The Mount Vista Golf Course clubhouse. After neighbors discovered that owners were building a clubhouse three times the size allowed by zoning officials, they appealed to the zoning commissioner -- who expressed sympathy, but refused to order the structure torn down.

An Owings Mills GMC dealership with floodlights that shine into a neighbor's house. County inspectors cited the dealership for violations late last year after it installed the lights without seeking approval. A hearing is expected, pending results of negotiations.

Community leaders and attorneys who represent neighborhoods and property owners want the county to be more aggressive and seek court injunctions halting zoning violations until disputes are resolved.

"The enforcement division rarely goes to the law office," said Jack Dillon, director of the Valleys Planning Council, a land preservation group that has fought the landing of Grass' helicopter. "It's a disservice to these communities affected by zoning violations if they don't utilize the law."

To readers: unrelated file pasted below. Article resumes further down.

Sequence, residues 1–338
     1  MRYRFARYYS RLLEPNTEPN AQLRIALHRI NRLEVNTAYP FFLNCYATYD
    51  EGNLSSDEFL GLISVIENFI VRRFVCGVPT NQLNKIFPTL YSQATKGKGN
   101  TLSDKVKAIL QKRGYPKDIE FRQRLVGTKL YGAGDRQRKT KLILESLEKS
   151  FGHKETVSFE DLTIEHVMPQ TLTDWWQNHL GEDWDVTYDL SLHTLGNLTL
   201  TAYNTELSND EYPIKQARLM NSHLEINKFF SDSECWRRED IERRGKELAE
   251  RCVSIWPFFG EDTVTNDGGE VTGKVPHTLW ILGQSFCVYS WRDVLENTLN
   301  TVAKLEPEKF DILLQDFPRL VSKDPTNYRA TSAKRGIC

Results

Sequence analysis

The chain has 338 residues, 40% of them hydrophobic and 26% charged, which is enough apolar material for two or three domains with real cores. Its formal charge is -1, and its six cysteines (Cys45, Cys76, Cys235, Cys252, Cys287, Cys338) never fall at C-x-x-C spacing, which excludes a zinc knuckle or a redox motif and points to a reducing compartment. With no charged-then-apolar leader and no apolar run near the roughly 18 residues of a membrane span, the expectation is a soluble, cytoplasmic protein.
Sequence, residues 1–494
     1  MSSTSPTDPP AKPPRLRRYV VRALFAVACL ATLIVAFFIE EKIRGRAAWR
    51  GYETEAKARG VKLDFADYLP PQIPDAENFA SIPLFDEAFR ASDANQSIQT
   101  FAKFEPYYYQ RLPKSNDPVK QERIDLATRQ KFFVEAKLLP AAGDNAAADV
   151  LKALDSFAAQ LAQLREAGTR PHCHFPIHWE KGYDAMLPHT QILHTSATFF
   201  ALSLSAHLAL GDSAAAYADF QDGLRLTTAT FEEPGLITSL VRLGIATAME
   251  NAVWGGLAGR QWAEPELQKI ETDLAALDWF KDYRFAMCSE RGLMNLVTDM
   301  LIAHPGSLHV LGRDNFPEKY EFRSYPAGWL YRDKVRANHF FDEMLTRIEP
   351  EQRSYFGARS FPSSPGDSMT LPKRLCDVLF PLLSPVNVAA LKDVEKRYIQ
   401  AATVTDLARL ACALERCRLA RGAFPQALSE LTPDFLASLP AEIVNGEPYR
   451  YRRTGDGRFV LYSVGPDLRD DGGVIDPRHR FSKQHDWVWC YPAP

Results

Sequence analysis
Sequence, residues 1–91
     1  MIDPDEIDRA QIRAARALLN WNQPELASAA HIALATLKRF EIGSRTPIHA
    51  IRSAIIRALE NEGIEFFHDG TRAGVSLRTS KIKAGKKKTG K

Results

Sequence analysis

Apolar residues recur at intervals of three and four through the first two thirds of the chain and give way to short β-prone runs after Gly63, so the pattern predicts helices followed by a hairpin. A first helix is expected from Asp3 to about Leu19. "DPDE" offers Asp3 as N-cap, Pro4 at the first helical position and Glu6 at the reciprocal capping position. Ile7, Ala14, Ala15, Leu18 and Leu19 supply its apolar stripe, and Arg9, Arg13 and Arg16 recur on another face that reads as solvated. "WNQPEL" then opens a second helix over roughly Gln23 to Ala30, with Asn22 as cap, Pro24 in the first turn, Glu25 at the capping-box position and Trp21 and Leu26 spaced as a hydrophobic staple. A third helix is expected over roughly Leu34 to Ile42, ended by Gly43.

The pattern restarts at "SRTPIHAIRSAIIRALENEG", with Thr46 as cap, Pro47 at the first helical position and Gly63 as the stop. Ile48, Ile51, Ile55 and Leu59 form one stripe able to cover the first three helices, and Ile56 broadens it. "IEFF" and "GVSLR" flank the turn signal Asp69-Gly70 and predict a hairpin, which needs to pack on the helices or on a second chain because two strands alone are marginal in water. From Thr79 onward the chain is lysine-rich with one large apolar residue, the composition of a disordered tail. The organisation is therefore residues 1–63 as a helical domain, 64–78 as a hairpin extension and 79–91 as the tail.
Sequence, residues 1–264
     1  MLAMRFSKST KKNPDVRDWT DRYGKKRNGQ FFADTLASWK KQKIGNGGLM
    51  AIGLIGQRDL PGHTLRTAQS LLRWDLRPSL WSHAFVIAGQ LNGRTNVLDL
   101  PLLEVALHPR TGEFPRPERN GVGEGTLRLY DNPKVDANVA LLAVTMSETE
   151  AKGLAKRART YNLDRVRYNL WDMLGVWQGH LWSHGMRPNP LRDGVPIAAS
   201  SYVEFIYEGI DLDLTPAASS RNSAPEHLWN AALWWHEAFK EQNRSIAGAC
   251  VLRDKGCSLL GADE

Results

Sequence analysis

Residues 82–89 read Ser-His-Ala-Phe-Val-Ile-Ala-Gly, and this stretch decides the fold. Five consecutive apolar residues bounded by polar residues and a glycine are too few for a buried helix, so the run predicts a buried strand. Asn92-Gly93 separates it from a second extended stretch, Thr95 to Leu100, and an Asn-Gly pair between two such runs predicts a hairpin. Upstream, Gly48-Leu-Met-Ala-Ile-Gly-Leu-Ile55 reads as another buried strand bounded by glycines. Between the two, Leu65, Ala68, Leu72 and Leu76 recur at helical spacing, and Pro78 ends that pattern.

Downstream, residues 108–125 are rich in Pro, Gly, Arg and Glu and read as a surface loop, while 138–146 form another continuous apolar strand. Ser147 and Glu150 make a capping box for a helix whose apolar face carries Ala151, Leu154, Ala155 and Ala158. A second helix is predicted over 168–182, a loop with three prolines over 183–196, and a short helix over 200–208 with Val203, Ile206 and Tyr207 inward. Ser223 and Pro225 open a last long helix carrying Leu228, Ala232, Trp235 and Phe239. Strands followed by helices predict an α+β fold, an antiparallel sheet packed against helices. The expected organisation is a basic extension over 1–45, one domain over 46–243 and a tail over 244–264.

J. Carroll Holzer, an attorney active in zoning cases, agreed.

"Enforcement of clear zoning violations has always bothered the county," he said. "It all falls back on the citizens to enforce the zoning citations, and it should fall on the county. The citizens have to hire their own attorney and spend their own money. There is absolutely no fear if you don't abide by the zoning laws in the county."

Cody Burkindine, a neighbor affected by the auto dealership lights, believes county officials are ignoring the problem. One of the dealership's owners, however, said the dealer is working with the county and a lighting contractor.

"I've called the county, and it's just like I don't even exist," Burkindine said. "I'm fed up with it. I can read a newspaper in my back yard with the lights that flood it, and I can walk through the house without turning on a light. I bought new blinds and it still doesn't help."

Critics say they see a passivity toward zoning enforcement that reflects a developer-friendly attitude dating back two county administrations.